Disguised Profit Distributions through Transfer Pricing

If a taxpayer enters into transactions regarding sale or purchase of goods and services with related parties, where the prices are not set in accordance with arm’s length principle, then related profits are considered to be distributed in a disguised manner through transfer pricing. Such disguised profit distributions through transfer pricing are not accepted as tax deductible for corporate income tax purposes. (Please refer to section 7 for detailed information).

Legal Reserves

Any kind of reserves (including all kinds of reserves computed under the Turkish Commercial Code, Banking Law and special laws concerning corporations or their Articles of Associations) is not deductible.

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Cost Allocation

Interest, commissions etc. paid to a parent company or branches outside Turkey for purchases and sales carried out on behalf of a non-resident company in Turkey and amounts allocated to meet the expenses and losses of the parent company and its branches outside Turkey, are not tax deductible with the exceptions of;

• amounts related to the generation and continuation of income in Turkey and allocated in line with the cost allocation keys determined in accordance with the arm’s length principle, and

• travel expenses incurred by authorized persons sent from foreign countries in connection with the auditing and supervision of a branch in Turkey..

Thin Capital

Interest, foreign exchange losses and other similar expenses related to the borrowings from related parties which are regarded as thin capital are treated as non-deductible expenses for corporate income tax purposes.

The Corporate Tax Law imposes a specific debt/equity ratio of 3:1 for consideration of thin capital. If the borrowing obtained directly or indirectly from shareholders or persons related to shareholders exceed three times the shareholders’ equity of the company at any time during the relevant year, the exceeding portion of the borrowing will be treated as thin capital.

If the shareholder (or related party) providing the loan is qualified as a bank or a financial institution which operates in line with its own field of activity, then the 50% of the borrowings obtained from these will be taken into consideration in the calculation of debt/equity ratio - hence the allowable debt/equity ratio will be increased to 6:1.

However, borrowings obtained from the intra-group credit companies which are only financing the relevant group companies cannot be taken into consideration as 50% in the calculation of debt/equity ratio.

Loans mentioned below (but not limited to) will not be qualified as thin capital;

• Loans obtained from the 3rd parties against non-cash guarantees provided by shareholders or the persons related to the shareholders,

• Loans obtained by companies’ subsidiaries, shareholders or related persons from the banks and financial institutions or from the stock markets that

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are transferred wholly or partially to the company with the same term and conditions.

Excluding foreign exchange differences, the interests paid or calculated and other similar expenses over the thin capital (that exceeds the 3:1 debt equity ratio) is treated as dividend distributed to shareholders as of the last day of the accounting period in which thin capital conditions are satisfied.

Financial Expense Restriction

Effective from 01.01.2013, a certain percentage of the financial expenses (i.e. interest, commission) incurred over the borrowings from external sources exceeding the shareholder’s equity of a Turkish company may be regarded as disallowable expense. The Council of Ministers is authorized to determine the percentage up to 10% and re-determine the rate per sectors. The credit institutions, financial institutions, leasing, factoring and finance companies are excluded from this application. Since no rate has been determined by the Council, the legislation is not applicable yet.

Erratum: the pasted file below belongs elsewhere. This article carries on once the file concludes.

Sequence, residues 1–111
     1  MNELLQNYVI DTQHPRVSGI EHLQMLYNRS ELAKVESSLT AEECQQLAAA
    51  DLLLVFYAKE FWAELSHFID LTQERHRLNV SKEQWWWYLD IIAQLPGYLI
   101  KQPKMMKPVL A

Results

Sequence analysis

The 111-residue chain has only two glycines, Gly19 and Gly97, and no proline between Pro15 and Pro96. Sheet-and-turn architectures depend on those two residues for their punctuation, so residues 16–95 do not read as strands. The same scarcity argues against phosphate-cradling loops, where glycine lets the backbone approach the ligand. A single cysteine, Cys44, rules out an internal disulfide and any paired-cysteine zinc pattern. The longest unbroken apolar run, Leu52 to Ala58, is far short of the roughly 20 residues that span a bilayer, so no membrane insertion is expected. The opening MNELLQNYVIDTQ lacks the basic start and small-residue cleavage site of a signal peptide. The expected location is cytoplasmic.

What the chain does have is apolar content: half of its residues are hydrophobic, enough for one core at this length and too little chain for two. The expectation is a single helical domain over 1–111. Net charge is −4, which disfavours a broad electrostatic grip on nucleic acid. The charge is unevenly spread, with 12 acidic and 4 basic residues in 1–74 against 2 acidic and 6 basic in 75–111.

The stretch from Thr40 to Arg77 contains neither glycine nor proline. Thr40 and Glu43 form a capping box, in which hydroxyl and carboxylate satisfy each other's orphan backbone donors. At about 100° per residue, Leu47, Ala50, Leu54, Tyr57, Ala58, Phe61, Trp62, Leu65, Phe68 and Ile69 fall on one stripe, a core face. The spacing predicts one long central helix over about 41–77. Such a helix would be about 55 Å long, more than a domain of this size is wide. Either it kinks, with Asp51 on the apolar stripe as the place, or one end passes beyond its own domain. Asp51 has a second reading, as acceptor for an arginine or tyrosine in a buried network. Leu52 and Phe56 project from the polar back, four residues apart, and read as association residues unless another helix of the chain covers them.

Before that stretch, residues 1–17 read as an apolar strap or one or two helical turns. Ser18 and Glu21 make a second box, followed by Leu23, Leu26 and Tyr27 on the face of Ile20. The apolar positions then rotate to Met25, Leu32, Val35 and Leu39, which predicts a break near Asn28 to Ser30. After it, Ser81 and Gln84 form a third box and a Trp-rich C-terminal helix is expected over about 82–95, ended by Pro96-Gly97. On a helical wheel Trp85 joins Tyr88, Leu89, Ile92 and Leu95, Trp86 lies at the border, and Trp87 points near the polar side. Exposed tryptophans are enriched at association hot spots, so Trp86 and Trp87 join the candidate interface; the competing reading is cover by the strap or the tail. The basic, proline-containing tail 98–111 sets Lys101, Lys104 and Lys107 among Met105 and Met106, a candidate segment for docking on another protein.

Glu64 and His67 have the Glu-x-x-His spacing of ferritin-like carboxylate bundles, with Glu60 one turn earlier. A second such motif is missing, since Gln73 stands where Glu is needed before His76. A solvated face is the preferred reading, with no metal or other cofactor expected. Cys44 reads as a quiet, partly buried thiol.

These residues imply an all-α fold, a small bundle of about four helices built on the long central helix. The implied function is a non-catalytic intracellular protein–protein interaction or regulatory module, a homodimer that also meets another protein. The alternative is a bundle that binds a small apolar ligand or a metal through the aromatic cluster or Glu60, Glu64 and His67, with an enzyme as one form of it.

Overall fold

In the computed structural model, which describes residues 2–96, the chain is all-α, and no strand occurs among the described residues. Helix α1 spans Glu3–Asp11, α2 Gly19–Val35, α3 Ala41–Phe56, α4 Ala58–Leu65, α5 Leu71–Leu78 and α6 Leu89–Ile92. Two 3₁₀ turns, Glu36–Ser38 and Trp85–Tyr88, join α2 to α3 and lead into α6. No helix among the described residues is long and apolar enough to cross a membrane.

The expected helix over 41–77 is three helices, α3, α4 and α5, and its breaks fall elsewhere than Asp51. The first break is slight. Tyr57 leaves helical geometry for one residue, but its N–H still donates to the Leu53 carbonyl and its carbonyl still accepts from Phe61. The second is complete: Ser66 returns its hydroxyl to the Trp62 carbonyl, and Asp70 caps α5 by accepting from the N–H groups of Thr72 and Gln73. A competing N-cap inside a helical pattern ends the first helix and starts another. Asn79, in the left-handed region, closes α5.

5.4 Exclusions from IncomeDividends - domestic participation gains exemption

Dividends received by a Turkish company and venture capital investment fund/venture capital investment partnerships from a resident corporate taxpayer are not taxed in the hands of the recipient company. The exemption is also available for non-resident companies to the extent that the dividends are attributable to a Turkish permanent establishment or branch. Dividends received by the companies from founder’s shares that give a participation right to the profit of another resident company and from other redeemed shares are exempt from corporate taxation. Capital gains are not covered under this exemption.

Dividends - foreign participation gains exemption

Dividends received from participations outside Turkey are exempt from corporate taxation if certain conditions are valid. These are, generally, among others, (i) the participation rate should be at least 10 %, (ii) the participation should have been held at least for 1 year, and (iii) foreign tax burden is at least 15 %, (iv) gain should be transferred to Turkey until the date of filing of corporate tax return of the fiscal year in which the relevant gain is obtained. Capital gains upon disposal of shares in foreign participations are not covered under this

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exemption. Under the same conditions, foreign branch profits may also be eligible for this exemption.

Capital gains exemption for the sale of the shares of a foreign participation / subsidiaryThe capital gains obtained by a resident joint stock company from the sale of the shares of the participations/subsidiaries whose legal and business centres are outside of Turkey (i.e. shares of the foreign subsidiaries) are exempted from the corporate tax if the following conditions are satisfied all together;